From the Editor’s Chair

November 1, 1998

It would be niceto observe in October that the issues it raises have had such a high profilethat lawyers in England and Wales will have fully digested its content and areeven now completing the finishing touches to their responses – my impression isthat this does not quite fit the reality.

The civil practitioner can be forgiven if the prospect of the Civil JusticeIT Strategy Development Group producing, in April 1999, a 5-15 year IT strategyfor the civil justice system is not top of the agenda. The fact is that too manyare still trying to get round to thinking about the Woolf reforms whichwill take effect at that time. I fear that directing civil practitioners’attention to civil.justice is like telling a full back to admire thehorizon as the All Black pack descends upon him. It is as well to make theeffort nevertheless – the issues raised in the paper are fundamental to manyaspects of legal practice. For example, should lawyers fees relate to the timespent on the case, is there a need for a virtual advice worker accessible viathe Web, what technology is needed in court, what assistance can IT provide inorder to avoid disputes?

It would be a pity to wake to the first morning after you felt you hadmastered Woolf, and find that you are to be replaced by a virtual advice worker.More seriously, the quality of the final proposals, even those emanating fromthe eminent members of the Civil Justice IT Strategy Development Group, isaffected by the quality and quantity of the responses they receive. Thetemptation is to let others make their views known and hope for the best. Whathappens next is predictable from past exercises the few who will bother torespond are to some extent unrepresentative by virtue of their enthusiasm and,when concrete proposals are brought forward, whole swathes of the professiondeclare them unworkable and are surprised that the Lord Chancellor did not ringthem personally for an opinion (`I could have told him for nothing’).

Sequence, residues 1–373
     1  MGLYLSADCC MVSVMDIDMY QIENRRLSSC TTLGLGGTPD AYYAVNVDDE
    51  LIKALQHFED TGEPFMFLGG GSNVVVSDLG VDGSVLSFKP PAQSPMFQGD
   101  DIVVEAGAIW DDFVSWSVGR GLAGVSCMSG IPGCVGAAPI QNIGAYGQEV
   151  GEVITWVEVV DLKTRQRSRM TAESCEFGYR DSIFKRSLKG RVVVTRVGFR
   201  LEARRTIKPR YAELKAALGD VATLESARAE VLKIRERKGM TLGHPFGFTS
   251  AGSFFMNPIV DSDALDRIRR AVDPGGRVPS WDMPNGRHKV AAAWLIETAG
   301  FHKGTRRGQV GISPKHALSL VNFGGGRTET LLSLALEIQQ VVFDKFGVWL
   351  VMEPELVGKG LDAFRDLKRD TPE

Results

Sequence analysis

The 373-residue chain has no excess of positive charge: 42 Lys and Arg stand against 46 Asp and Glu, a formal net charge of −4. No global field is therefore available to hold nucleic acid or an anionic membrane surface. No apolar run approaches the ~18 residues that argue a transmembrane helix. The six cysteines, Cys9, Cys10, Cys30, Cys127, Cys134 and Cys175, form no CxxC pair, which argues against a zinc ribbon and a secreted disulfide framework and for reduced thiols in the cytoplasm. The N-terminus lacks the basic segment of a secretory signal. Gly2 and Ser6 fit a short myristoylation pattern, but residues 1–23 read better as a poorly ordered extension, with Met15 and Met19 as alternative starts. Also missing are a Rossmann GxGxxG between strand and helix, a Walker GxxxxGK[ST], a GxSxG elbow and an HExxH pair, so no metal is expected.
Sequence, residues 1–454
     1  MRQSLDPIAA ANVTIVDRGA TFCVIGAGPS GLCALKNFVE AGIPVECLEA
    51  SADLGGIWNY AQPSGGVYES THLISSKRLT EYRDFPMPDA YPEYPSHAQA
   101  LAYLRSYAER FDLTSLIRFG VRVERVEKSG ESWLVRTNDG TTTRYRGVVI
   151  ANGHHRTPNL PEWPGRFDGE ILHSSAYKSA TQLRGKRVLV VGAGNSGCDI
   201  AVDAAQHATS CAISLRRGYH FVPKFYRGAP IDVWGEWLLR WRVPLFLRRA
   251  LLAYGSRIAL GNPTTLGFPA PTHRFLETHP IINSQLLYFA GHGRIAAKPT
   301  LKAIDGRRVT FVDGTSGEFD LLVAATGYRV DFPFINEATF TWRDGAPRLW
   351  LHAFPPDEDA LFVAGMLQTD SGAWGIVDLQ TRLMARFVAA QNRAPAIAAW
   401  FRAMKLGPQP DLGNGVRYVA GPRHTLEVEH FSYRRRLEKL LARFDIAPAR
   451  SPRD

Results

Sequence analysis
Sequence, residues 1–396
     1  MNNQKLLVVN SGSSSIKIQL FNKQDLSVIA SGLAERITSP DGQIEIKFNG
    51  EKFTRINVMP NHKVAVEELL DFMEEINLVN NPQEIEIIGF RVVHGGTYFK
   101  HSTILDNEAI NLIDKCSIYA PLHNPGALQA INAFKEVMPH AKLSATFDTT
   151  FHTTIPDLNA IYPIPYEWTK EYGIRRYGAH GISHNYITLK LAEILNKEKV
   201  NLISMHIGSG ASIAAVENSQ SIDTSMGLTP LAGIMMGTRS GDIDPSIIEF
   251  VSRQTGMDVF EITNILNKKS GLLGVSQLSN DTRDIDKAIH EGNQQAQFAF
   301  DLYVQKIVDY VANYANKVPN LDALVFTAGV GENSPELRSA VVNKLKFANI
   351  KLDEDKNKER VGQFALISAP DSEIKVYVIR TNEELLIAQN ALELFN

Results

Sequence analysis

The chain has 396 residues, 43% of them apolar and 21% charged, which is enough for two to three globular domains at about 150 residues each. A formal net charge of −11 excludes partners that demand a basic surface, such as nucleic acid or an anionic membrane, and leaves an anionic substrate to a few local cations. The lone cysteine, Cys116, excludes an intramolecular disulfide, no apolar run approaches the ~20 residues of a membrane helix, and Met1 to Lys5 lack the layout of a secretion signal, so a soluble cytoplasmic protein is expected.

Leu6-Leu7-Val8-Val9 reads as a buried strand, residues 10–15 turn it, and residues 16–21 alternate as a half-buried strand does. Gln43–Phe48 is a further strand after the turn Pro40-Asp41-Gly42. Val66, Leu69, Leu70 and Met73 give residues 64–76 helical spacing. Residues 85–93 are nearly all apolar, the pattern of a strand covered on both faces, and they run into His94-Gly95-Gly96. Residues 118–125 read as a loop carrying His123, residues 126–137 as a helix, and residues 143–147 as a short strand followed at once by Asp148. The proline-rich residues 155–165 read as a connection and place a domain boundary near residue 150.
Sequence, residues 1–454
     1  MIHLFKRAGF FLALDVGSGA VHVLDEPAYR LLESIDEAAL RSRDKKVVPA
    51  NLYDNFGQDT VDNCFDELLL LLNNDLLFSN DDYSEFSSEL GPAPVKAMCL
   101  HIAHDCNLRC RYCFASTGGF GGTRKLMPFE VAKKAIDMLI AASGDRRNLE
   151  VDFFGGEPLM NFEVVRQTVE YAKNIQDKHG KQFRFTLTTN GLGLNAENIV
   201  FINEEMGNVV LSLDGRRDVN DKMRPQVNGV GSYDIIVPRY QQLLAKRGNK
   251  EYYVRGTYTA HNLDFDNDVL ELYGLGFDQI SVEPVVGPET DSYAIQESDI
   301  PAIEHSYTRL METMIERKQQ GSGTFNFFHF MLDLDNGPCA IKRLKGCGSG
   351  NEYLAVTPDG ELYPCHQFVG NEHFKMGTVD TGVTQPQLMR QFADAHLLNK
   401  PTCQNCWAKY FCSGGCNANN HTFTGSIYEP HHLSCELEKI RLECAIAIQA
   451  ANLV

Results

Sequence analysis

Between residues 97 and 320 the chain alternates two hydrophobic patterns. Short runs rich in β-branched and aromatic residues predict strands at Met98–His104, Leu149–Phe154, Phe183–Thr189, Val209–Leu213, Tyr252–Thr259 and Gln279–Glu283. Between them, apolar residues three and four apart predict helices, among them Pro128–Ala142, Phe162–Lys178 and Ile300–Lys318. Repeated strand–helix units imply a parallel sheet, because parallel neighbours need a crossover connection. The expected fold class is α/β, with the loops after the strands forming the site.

There are three other good reasons for getting a copy of the paper. One isthat it is remarkably easy reading and beautifully designed. The second is thatit is free. The third is that some of the issues raised are going to require apolicy decision soon – probably well before the five-year strategy period bites.If you doubt the last point, turn to LaurieWest-Knight’s piece on p4 of this issue and see the range of changes whichmight affect the courtroom in the immediate future – and courtroom technology isjust one piece of a complex jigsaw.

Copies of the paper and a summary may be obtained from Dominic Hartley,Selborne House, 54-60 Victoria St, London SW1E 6QW (e-mail:,tel: 0171 210 8744). The paper may be viewed at the LCD website: